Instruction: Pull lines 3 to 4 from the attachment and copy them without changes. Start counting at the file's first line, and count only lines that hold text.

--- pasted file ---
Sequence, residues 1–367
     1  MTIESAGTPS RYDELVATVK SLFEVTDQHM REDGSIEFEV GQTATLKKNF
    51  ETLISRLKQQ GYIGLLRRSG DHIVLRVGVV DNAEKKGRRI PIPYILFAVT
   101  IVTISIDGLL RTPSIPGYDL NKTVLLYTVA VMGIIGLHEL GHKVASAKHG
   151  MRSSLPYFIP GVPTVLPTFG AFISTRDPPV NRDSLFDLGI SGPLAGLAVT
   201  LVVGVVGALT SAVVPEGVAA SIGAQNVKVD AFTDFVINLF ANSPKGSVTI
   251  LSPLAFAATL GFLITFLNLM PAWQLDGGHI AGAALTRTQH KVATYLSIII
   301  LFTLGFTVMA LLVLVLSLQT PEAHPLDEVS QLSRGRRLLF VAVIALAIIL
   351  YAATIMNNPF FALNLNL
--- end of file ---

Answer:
    51  ETLISRLKQQ GYIGLLRRSG DHIVLRVGVV DNAEKKGRRI PIPYILFAVT
   101  IVTISIDGLL RTPSIPGYDL NKTVLLYTVA VMGIIGLHEL GHKVASAKHG